Make eye contact while your partner is talking to you. Resist the temptation to daydream, and try to follow them without judgement or without planning a response of your own. If your mind wanders off, it is perfectly all right to tell the other person that you missed something they said, and to ask them to please repeat it.
This shows sincere interest, and that you are trying to pay attention and understand them. You’ll be amazed at how well active listening works to reconnect you.
4. Practice Non-Violent Communication and Mindful Speech
Non-violent communication hinges on a choice to use “I” and “me” sentences in place of “you” sentences. Instead of saying “you are just doing this to hurt me,” You could try saying, “I feel hurt when you do this, and honestly I can’t understand your motivations.”
This sort of language prevents discussions from escalating by putting each other on the defensive unnecessarily.
The second part of mindful speech is to resist the temptation to react to your partner’s words or actions without considering what you are about to say and what is compelling you to say it that way. Pause and choose your words for the ultimate effect you want to create.
Use words that are more loving, compassionate and respectful. Try to keep your tone calm and non-threatening. Keep in mind that you don’t always need to voice your opinion. Silence can sometimes be better than a response, even a considered one.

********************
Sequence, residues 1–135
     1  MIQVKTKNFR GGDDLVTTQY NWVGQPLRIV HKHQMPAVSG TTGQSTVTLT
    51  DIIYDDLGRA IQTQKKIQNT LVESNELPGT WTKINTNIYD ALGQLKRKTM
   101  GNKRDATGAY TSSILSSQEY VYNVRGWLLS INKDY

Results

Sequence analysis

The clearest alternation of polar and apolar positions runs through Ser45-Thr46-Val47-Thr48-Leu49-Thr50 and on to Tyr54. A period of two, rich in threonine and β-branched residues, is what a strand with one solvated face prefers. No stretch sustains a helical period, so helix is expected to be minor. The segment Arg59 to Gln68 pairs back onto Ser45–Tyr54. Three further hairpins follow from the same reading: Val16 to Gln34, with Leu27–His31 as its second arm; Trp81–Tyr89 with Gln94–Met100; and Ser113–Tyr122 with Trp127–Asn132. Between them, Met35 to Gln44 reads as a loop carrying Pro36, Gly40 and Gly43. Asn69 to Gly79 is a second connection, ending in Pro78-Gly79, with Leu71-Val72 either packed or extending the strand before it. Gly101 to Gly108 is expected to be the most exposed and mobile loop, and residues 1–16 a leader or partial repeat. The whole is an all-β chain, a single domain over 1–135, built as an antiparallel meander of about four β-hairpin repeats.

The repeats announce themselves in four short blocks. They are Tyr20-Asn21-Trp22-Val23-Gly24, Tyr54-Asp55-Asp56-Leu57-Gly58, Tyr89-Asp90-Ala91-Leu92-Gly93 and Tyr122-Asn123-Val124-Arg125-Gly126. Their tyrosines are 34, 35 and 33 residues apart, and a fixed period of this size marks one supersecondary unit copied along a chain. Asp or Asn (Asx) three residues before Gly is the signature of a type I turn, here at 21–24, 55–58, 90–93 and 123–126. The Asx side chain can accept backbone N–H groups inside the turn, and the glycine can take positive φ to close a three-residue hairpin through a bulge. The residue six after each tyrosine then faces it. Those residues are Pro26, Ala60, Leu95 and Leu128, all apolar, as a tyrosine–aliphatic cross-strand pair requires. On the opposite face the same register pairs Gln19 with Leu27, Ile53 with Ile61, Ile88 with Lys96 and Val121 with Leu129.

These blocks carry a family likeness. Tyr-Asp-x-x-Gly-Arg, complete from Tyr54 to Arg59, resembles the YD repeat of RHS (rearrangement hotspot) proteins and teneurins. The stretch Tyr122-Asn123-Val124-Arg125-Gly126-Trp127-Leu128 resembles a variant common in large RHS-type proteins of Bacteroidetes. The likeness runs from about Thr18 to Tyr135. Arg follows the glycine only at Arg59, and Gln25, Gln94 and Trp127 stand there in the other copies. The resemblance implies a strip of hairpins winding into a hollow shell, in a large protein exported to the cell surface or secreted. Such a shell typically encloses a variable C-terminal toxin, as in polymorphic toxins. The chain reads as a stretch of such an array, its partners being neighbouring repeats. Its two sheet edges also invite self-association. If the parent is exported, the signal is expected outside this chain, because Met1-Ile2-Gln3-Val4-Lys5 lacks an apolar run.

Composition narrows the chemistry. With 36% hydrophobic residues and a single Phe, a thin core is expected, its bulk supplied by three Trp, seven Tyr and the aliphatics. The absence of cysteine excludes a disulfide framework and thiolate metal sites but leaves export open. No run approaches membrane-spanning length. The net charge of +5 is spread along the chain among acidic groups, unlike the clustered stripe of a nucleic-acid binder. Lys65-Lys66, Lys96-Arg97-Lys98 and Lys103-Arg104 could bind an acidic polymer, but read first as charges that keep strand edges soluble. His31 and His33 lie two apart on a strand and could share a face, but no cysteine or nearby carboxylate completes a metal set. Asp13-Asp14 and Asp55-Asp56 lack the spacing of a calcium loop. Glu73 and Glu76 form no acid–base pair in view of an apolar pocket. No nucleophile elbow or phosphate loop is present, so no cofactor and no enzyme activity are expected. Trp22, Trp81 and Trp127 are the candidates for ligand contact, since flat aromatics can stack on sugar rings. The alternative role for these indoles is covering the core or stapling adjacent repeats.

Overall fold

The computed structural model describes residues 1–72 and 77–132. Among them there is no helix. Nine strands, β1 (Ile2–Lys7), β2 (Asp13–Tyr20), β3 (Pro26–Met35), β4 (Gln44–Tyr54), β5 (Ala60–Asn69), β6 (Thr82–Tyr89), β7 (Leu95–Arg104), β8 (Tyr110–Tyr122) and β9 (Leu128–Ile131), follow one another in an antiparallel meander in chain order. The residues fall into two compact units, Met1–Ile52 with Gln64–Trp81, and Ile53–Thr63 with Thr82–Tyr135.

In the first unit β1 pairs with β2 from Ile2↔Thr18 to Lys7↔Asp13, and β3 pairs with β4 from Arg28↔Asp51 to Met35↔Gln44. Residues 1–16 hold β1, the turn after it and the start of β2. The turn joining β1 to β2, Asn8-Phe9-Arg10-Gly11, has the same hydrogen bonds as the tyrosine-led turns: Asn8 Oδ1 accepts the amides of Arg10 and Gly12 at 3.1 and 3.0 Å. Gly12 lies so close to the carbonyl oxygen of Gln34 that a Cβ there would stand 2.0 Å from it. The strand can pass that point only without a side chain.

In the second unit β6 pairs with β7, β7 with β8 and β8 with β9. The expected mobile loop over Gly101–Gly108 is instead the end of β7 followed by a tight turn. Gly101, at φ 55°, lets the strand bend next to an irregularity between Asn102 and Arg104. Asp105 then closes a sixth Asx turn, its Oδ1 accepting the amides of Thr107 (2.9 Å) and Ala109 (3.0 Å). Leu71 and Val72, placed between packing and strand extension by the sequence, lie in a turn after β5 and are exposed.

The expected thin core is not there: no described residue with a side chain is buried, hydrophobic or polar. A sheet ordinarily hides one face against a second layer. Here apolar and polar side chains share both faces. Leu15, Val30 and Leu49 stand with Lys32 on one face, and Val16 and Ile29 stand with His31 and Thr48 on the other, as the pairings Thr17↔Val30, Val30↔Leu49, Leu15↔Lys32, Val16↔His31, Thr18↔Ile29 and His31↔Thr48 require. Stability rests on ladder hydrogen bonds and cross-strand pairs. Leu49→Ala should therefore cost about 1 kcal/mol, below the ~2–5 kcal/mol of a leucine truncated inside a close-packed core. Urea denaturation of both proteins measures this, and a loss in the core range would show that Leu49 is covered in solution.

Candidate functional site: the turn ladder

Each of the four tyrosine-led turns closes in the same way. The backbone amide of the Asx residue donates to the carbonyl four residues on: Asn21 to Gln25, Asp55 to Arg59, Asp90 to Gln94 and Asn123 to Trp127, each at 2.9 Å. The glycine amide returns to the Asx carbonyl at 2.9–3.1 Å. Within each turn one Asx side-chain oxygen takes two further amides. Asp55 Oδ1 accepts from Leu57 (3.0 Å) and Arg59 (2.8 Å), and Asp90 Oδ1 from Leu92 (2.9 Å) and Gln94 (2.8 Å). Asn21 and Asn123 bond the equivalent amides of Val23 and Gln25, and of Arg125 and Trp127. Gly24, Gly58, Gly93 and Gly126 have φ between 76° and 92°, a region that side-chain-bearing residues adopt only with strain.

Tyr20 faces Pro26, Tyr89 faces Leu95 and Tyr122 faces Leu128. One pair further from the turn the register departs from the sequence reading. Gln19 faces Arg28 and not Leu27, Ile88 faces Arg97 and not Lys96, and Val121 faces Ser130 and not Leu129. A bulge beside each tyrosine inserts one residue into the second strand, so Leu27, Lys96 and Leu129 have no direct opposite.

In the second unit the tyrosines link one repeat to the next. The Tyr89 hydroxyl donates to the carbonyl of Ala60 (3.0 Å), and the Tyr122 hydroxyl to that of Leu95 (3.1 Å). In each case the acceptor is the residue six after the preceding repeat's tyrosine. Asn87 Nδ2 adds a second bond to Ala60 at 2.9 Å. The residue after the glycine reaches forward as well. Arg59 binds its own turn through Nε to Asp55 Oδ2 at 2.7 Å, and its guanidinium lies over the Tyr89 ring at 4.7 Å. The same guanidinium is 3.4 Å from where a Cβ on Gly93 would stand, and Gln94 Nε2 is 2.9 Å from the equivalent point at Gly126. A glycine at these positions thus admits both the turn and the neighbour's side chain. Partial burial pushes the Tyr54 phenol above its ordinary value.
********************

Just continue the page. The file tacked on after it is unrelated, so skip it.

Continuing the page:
5. Stop Regarding Sex and Intimacy as the Same Thing
The act of lovemaking and intimacy are not the same thing, although they work well together. You can have one without the other, and while most relationships include both, it’s a shame to use the former as a substitute for the latter.
It can seem easier to initiate sex than, say, massage as a way of feeling close to your partner, especially if communication is stilted or emotions are a little confused. Different people need different amounts and types of intimacy, and for each individual this changes over time, as well.
If you want to try spicing up your sex life, excellent. Sex is awesome, but intense intimacy will get you way further than buying some new lingerie, trying a new position, or buying a sex toy.
Begin by exploring some creative ways to create intimacy. Dancing together, washing each other’s feet, playing a communication game, exchanging a massage, trying out a Tantric workshop or learning contact yoga together.
It’s a useful skill to know the difference between how intimacy recharges you as an individual and how sex recharges you as an individual. It’s great to be with a partner who knows how that difference works for them, and is aware of which they need more of at any given time.
If you’re both aware of the differences, you can be way more responsive to each other’s needs, and way more comfortable in expressing your desire for either or both.
6. Be Intentional
Most people in long term relationships, especially monogamous relationships, live together. This is the norm for a range of economic and cultural reasons, and has a lot of benefits outside of those angles of reasoning, as well.